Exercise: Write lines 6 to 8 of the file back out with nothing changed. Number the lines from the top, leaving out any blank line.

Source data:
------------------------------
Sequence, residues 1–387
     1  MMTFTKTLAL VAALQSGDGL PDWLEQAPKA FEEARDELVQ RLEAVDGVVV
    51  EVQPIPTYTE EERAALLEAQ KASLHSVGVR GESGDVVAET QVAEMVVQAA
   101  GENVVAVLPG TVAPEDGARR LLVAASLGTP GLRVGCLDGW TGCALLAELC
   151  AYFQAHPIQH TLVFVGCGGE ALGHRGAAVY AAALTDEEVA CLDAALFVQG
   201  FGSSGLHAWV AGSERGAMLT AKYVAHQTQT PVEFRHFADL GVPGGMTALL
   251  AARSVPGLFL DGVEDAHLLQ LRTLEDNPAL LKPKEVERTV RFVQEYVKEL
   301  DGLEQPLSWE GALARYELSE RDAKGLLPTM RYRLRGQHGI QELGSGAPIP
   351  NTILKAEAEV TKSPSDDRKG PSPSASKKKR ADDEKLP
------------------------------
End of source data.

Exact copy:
   201  FGSSGLHAWV AGSERGAMLT AKYVAHQTQT PVEFRHFADL GVPGGMTALL
   251  AARSVPGLFL DGVEDAHLLQ LRTLEDNPAL LKPKEVERTV RFVQEYVKEL
   301  DGLEQPLSWE GALARYELSE RDAKGLLPTM RYRLRGQHGI QELGSGAPIP